I’m taking a completely new approach to New Year’s Resolutions for 2021.
Instead of coming up with my list of soul crushing, guilt inducing resolutions that I’ve completely forgotten about by Valentines Day - I'm taking on 2021 as my year of brain training with, wait for it...micro goals!!! Ta Da!
I often look up words when I begin to write these posts, and today I took a look at the definition of resolution vs. resolute. Google defines resolution as a noun, meaning a firm decision to do or not to do something. Resolute is an adjective, meaning admirably purposeful, determined, and unwavering.
To start, I’m thinking about what I want, what I really really want. Something about which I can be RESOLUTE. This is my WHY. Mel Robbins has a great way to describe your WHY: Goals are meant to be achieved. Dreams are out in the future, a vision, a problem you would love to solve, the impact you want to make, the fulfillment you deserve. Your dream is a beacon that is pulling you forward and your goals are the path you take to get to where you want to be.
Your beacon? That’s your WHY.
My beacon? I think it’s really about my body this year. I’m 61, and in good health, I’m on no prescriptions, have no major complaints. But… I have a few long term dreams of going on some spectacular hikes and treks. I have three grandchildren that I want to keep up with, at least, ya know, for the first half hour. I’ve got active kids that I like hanging out with. And, I just don’t want to be the least in shape person in my very active family. So, it's all about my body this year.
When I read this line from Practice of the practice.com, it spoke to me: “It’s not a grand gesture or quick change that rewires our brains, instead it’s daily choices. We might call them micro-goals. A micro-goal is a realistic step toward a great goal that reinforces the brain change and creates more successful outcomes.”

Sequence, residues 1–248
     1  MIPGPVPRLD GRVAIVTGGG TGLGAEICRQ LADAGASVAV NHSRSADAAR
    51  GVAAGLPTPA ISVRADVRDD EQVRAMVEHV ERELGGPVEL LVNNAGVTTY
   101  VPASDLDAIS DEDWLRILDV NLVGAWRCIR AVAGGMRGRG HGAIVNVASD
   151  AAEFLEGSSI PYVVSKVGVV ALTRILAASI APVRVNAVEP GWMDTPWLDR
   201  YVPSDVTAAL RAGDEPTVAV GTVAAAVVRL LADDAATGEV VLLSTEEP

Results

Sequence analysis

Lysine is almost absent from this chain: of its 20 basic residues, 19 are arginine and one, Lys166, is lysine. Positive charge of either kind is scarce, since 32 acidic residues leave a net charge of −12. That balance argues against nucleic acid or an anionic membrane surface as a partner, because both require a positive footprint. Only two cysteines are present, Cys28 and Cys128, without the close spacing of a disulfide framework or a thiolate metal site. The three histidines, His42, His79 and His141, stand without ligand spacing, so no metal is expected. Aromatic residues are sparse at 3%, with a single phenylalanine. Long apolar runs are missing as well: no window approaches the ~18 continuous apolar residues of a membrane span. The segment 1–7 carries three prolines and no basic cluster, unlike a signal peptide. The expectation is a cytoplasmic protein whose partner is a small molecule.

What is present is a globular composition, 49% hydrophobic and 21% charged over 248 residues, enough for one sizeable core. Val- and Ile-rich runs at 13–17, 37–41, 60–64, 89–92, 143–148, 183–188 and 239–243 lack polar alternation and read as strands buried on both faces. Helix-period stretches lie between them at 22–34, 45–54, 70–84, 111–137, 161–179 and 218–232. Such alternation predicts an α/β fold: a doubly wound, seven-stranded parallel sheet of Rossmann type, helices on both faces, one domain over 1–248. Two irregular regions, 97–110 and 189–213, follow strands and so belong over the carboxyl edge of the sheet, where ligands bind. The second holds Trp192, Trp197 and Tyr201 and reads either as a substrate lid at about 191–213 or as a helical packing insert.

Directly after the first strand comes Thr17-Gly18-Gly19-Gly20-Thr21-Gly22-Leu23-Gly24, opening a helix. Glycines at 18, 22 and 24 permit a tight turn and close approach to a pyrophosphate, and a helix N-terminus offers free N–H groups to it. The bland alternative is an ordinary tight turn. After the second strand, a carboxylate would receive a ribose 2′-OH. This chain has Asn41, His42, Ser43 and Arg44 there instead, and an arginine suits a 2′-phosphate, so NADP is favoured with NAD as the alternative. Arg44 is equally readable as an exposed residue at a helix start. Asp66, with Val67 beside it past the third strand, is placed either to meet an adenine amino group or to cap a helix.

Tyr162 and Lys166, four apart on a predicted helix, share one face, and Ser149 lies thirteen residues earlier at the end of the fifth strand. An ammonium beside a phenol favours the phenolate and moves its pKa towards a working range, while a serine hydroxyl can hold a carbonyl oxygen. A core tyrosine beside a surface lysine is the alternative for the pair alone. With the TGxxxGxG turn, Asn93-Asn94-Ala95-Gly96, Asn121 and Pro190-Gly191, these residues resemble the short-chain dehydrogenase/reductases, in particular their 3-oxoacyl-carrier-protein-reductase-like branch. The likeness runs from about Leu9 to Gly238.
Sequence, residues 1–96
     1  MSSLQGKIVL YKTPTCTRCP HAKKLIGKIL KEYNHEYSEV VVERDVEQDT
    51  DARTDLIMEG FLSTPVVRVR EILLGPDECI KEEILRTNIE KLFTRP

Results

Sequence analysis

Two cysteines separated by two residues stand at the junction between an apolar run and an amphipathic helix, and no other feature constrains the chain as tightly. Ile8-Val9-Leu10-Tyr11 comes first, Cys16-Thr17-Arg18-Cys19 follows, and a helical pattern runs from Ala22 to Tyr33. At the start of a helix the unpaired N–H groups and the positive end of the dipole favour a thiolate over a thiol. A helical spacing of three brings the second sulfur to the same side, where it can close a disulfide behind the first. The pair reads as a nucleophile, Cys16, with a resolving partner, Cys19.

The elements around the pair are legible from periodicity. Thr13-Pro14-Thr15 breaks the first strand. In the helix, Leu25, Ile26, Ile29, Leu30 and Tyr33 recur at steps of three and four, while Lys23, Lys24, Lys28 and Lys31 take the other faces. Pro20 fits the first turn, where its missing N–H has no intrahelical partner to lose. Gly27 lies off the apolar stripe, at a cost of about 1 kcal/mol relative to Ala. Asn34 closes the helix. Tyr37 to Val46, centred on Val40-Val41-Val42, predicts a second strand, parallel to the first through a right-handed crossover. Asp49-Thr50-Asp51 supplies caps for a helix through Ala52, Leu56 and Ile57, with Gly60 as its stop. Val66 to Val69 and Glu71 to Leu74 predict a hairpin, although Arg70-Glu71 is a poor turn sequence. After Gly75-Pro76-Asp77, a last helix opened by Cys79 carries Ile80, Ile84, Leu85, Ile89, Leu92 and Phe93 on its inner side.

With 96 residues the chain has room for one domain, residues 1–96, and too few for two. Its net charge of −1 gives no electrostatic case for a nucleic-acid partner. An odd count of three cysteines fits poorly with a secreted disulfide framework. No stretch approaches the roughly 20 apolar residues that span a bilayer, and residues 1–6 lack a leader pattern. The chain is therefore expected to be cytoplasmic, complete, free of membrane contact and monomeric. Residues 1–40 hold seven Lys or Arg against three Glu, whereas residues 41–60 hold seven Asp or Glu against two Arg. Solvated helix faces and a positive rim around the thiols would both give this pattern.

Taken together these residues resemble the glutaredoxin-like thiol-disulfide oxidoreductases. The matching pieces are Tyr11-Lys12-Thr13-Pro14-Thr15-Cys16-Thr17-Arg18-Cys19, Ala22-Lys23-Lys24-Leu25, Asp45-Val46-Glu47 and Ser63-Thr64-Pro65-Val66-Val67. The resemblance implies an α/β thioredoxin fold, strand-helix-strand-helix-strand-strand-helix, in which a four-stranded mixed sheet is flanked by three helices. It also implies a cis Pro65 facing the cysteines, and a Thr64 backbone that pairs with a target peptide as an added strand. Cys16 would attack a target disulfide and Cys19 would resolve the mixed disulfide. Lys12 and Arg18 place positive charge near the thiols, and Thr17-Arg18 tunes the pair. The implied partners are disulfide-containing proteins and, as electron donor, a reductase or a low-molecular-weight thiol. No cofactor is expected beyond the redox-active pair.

I’m looking at what kind of habits people have that enable them to have the life I want. I’m spending some time on the internet this week checking in with senior hikers and their habits. Then I’m going to break them down and try on one per month. The ones that I can maintain and that work for me, I’ll keep. Theoretically, I could have 12 new habits at the end of the year, but I imagine I’ll have at least six.
It might look like this:
January - alcohol and treats on the weekends only; no sugar in my coffee
February - meal planning, and once a week shopping (I used to do this, but have fallen out of the habit!)
April - Eliminate gluten
May - Once a week hike
June - TBD - based on further research
So, you get the idea. Instead of trying to completely overhaul yourself, try on new things in bite sized bits. You can do the same thing with self care - Take on flossing one month. Start a journal the next. The next month make a plan to be in nature once a week. The next take 60 seconds to stop and just breathe at the top of every hour. See what works for you.
Here’s another dose of Mel Robbins that speaks to me: That’s what it takes to get what you want. Not big scary leaps once a year. It takes small, but irritating moves every single day.
That sounds a lot like a habit.
The new year gives me a chance to take stock of my life and perhaps embrace a new approach. I’m looking forward to the new year, but in a new way. Admirably purposeful, determined, and unwavering.